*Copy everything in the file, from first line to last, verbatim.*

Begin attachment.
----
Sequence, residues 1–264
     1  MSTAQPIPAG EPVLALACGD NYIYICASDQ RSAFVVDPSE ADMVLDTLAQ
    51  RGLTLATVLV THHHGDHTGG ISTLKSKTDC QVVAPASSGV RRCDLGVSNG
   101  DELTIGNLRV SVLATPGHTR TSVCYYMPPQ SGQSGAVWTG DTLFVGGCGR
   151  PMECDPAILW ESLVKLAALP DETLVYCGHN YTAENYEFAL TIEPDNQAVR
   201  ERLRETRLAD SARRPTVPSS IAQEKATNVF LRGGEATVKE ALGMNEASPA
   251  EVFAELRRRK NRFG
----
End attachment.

Sequence, residues 1–264
     1  MSTAQPIPAG EPVLALACGD NYIYICASDQ RSAFVVDPSE ADMVLDTLAQ
    51  RGLTLATVLV THHHGDHTGG ISTLKSKTDC QVVAPASSGV RRCDLGVSNG
   101  DELTIGNLRV SVLATPGHTR TSVCYYMPPQ SGQSGAVWTG DTLFVGGCGR
   151  PMECDPAILW ESLVKLAALP DETLVYCGHN YTAENYEFAL TIEPDNQAVR
   201  ERLRETRLAD SARRPTVPSS IAQEKATNVF LRGGEATVKE ALGMNEASPA
   251  EVFAELRRRK NRFG